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Where’s that bean been? Coffee’s journey from crop to cafe

Beans have travelled a long way to make your cup of coffee. Jack Fussell/Flickr, CC BY-NC-ND

Welcome to the third instalment in our series Chemistry of Coffee, where we unravel the delicious secrets of one of the most widely consumed drinks in the world. As you listen to the whirring grinders in your local cafe, think of the long journey those beans have made – and what they’ve gone through to be there.

The vast majority of the brewed coffee we drink in Australia comes from the arabica species (Coffea arabica), despite 30% of world coffee production being the “robusta” variety (Coffea canephora).

Coffee is a member of the botanical family Rubiaceae, which is widely distributed in the tropics and subtropics. Other members of the family include chincona, the source of quinine, and gardenias, the boldly scented ornamental.

In terms of taste, connoisseurs agree that arabica produces a superior cup of coffee. Robusta beans produce coffee much more bitter and grainy in taste, but higher in caffeine than arabica.

And as the name suggests, robusta is a much more hardy plant than the delicate arabica, and less susceptible to insect pests (mostly due to its higher caffeine content) and fungal infections. It also grows in a wider range of environmental conditions and has a higher yield per acre than arabica, so is cheaper to produce and buy. On the open market green arabica beans sell for around A$5 per kilogram, and robusta beans retail for approximately A$2.50 per kilogram.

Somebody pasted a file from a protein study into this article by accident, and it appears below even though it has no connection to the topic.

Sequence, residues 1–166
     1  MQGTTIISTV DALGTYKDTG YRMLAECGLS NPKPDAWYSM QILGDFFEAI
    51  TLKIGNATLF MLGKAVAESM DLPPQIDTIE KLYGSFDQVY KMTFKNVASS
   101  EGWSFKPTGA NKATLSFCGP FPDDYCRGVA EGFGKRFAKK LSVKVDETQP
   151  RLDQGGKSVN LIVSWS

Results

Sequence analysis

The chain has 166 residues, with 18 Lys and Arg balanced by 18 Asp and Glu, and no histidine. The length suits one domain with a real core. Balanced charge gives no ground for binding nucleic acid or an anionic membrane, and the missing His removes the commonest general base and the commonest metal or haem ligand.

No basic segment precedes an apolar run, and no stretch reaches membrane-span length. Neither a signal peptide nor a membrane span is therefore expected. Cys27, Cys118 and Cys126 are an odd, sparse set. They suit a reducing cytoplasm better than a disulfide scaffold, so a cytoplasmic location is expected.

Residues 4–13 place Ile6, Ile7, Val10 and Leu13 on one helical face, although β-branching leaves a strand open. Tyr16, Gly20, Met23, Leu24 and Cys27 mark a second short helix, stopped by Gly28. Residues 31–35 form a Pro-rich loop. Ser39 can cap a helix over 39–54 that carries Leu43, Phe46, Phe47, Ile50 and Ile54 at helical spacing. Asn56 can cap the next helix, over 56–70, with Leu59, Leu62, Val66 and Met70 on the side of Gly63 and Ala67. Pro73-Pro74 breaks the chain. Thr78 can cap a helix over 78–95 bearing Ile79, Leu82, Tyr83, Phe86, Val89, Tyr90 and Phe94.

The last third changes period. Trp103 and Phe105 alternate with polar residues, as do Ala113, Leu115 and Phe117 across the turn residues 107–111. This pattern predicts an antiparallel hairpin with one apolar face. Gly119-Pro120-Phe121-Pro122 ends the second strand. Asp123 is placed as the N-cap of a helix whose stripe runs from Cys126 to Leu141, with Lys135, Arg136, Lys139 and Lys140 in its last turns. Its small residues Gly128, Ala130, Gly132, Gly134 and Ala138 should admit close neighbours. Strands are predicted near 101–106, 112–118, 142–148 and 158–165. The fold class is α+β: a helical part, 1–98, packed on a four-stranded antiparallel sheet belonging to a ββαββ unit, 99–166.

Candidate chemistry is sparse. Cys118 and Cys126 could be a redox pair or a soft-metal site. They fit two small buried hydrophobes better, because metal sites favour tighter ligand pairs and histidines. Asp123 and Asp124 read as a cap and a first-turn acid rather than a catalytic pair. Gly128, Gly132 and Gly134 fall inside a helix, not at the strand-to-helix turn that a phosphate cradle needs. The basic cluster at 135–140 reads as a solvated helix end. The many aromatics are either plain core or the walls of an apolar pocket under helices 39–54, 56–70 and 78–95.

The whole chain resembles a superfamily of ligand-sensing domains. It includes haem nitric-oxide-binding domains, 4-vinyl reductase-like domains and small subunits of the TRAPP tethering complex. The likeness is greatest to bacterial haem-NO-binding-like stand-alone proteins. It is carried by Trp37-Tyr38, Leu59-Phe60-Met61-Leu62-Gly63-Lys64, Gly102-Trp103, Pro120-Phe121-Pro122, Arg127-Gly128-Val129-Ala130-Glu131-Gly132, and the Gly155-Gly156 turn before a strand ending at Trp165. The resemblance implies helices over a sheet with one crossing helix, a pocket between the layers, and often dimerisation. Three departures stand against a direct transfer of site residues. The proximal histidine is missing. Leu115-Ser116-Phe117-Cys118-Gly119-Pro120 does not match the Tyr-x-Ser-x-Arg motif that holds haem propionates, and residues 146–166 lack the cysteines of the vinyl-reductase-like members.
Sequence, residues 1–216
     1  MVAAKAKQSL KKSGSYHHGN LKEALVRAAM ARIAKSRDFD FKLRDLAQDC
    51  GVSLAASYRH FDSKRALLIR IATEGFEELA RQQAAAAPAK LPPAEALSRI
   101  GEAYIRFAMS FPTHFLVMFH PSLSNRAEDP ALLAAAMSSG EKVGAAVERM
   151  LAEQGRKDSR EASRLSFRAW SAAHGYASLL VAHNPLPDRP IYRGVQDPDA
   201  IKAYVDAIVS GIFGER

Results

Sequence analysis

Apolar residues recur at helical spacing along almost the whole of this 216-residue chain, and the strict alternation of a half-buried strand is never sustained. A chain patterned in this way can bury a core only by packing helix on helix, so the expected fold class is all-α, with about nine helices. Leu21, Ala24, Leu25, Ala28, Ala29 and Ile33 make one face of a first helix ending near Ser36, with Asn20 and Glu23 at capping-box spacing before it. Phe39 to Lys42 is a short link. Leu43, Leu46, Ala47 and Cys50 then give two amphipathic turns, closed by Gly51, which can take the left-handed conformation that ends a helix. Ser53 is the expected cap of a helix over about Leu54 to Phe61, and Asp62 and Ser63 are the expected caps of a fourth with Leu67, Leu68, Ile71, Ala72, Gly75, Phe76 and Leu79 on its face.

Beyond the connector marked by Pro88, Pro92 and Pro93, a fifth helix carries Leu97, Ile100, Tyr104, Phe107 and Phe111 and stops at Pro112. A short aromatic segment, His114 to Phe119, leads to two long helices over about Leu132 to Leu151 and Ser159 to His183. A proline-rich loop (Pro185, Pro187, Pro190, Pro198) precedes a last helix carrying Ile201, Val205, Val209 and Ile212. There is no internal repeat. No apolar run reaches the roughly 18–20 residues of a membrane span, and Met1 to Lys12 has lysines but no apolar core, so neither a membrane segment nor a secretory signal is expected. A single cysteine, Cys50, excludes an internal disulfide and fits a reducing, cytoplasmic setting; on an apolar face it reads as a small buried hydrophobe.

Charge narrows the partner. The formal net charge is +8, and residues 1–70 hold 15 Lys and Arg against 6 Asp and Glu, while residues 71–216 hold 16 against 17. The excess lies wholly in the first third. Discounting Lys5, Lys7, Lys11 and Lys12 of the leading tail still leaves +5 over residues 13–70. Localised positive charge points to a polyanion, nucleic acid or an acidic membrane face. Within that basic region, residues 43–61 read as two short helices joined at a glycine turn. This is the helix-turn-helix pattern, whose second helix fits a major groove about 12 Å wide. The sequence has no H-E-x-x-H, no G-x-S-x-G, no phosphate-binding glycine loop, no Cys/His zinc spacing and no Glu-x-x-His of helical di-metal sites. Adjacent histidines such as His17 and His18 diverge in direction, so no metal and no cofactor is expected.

Australia only grows arabica coffee. The cool climate and absence of insect and fungal pests create ideal growing conditions. Flowering occurs for a period of a couple of days sometime between October and December, depending on spring rainfall.

The coffee cherries begin to ripen in June and are harvested three to four months later depending on the season. The coffee fruit are a deep red purple colour when they are ready for harvest.

Jason Diceman/Flickr, CC BY-NC-SA


Some coffee producers in Australia still harvest beans by hand, but this is a labour-intensive and time-consuming process. The larger plantations employ mechanical harvesting to increase yields and lower costs.